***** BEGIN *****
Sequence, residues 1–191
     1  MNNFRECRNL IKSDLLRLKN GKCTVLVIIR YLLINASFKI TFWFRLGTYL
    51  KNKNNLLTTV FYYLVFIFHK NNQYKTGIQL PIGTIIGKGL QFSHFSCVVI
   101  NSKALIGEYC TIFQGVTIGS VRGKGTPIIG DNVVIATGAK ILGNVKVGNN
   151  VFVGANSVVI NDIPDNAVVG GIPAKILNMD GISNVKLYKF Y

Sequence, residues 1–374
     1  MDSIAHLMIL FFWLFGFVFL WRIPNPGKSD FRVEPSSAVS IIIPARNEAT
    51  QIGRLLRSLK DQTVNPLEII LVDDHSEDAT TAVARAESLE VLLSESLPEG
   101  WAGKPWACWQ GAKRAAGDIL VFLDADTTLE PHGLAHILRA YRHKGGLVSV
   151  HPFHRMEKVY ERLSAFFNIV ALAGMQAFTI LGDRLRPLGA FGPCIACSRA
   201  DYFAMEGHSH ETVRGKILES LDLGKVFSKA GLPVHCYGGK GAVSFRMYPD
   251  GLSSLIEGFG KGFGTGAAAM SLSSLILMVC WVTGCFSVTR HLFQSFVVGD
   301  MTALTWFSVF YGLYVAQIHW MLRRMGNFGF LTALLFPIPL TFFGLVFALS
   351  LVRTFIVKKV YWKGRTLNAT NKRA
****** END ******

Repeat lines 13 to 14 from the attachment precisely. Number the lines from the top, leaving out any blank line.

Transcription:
   301  MTALTWFSVF YGLYVAQIHW MLRRMGNFGF LTALLFPIPL TFFGLVFALS
   351  LVRTFIVKKV YWKGRTLNAT NKRA